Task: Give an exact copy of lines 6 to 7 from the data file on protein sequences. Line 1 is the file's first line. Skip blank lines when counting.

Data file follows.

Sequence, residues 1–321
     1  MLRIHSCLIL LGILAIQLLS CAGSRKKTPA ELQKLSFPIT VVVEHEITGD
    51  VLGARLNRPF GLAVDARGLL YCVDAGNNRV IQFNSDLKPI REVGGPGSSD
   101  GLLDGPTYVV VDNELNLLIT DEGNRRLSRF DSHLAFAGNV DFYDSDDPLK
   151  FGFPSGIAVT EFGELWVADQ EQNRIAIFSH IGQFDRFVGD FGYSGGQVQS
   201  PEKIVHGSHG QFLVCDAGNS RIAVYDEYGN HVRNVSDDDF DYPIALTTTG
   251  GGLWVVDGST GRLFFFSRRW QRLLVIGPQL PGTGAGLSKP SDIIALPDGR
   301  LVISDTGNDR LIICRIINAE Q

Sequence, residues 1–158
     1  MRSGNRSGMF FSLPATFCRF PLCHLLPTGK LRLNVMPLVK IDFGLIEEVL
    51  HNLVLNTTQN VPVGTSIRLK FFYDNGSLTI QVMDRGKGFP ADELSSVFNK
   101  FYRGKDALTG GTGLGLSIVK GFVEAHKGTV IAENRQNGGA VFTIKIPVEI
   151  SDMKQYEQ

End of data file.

   201  PEKIVHGSHG QFLVCDAGNS RIAVYDEYGN HVRNVSDDDF DYPIALTTTG
   251  GGLWVVDGST GRLFFFSRRW QRLLVIGPQL PGTGAGLSKP SDIIALPDGR